reveals Brits abandoning the Eurozone in favour of domestic breaks

5th Dec 2011 reveals Brits abandoning the Eurozone in favour of domestic breaks

This will appease VisitEngland which has recently launched a three-year project to encourage Brits to take more short breaks and holidays at home and in turn increase the availability of jobs within the Tourism Sector especially in those areas hit by economic challenges.

Recent research by the coach holidays operator has also shown that many Brits are resorting to tightening their money belts as the cost of living continually rises whilst salaries continue to stagnate. As a result, many are considering foregoing their usual annual break. This year, a recent survey at the World Travel Market showed that only 59% took a holiday with 5% opting to forego their holiday. More than a quarter (26%) said that the increased costs of travelling, owing to taxes, was a major issue with 31% saying that they would travel less often than they used to.

Rachel Jones, Online PR & Marketing Co-ordinator at said: “Since the economic crisis hit the Eurozone we have noticed that there are fewer people looking to book coach holidays to Europe and we have put this down to poor exchange rates and the fragility of the Euro. The recent civil unrest in countries such as Greece is also having a negative impact on holidays to Europe with many Brits preferring to stay in the UK.”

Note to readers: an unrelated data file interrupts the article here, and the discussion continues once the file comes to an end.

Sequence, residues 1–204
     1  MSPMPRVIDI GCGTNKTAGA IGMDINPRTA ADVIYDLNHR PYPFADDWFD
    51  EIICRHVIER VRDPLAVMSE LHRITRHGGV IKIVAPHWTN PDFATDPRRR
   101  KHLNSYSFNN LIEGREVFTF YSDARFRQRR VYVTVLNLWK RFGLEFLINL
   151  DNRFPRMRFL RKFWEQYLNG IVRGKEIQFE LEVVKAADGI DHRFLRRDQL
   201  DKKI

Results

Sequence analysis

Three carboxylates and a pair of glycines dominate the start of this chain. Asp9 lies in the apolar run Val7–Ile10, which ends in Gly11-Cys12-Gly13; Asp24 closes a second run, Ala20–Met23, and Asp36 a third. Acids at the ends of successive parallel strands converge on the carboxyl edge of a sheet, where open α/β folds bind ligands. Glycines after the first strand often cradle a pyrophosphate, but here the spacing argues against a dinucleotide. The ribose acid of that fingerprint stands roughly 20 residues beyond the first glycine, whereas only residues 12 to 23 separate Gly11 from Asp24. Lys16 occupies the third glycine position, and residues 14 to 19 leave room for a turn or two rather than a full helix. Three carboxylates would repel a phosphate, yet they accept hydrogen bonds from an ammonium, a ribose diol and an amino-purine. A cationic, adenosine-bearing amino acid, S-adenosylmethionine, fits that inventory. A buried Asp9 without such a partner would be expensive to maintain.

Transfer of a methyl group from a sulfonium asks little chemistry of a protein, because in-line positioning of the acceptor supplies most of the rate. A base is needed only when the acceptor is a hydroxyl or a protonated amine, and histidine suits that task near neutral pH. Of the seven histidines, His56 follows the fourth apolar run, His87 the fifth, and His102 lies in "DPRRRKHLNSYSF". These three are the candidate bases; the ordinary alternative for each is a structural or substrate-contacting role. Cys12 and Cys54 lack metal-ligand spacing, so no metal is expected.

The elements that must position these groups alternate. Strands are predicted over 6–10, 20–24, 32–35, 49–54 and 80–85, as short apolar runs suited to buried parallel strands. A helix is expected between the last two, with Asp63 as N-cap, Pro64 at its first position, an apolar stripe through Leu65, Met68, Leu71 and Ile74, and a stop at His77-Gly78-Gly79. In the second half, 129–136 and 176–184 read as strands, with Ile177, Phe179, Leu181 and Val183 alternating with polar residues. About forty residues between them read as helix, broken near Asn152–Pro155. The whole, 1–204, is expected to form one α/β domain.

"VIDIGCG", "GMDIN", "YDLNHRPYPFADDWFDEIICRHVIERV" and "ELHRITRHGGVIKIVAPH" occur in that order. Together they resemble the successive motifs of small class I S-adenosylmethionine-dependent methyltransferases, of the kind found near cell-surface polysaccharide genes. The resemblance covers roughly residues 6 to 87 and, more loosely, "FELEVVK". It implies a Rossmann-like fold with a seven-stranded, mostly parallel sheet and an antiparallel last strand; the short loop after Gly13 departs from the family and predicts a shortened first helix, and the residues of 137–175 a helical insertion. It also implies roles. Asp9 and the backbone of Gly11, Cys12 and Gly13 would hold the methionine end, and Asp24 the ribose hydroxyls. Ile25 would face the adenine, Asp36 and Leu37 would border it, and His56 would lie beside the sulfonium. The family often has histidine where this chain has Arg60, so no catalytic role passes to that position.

Looking at recent figures, has seen a significant rise in searches for UK breaks with 5821 visits compared to only 1175 visits for France. This certainly shows that Brits are taking hold of their personal finances and looking for cheaper options when it comes to holidays preferring to avoid the poor exchange rates of Europe and stay at home instead. With more people staying at home, some are even shunning the whole idea of a holiday and opting for day trips out instead, although this in turn can also prove to be an expensive choice with hidden extras bumping up the price of a trip to the theme park. It costs a family of four on average £93 to visit a theme park and that’s without the cost of food, drink and the endless queues for rides during peak season.

Rachel concluded: “I think it’s fair to say that Brits are being priced out of the Eurozone when it comes to holidays. Although hotels in Greece have cut their rates due to the civil unrest there, other countries such as Italy, Spain and Ireland have seen their prices increase year-on-year. It is also having a negative impact on some travel companies with many experiencing financial woes due to the lack of interest for holidays to Europe and North African destinations with many Brits being cautious and abandoning these for domestic breaks instead. I think it’s fair to say that the longer the economic crisis continues, the more ‘staycations’ will be booked.”



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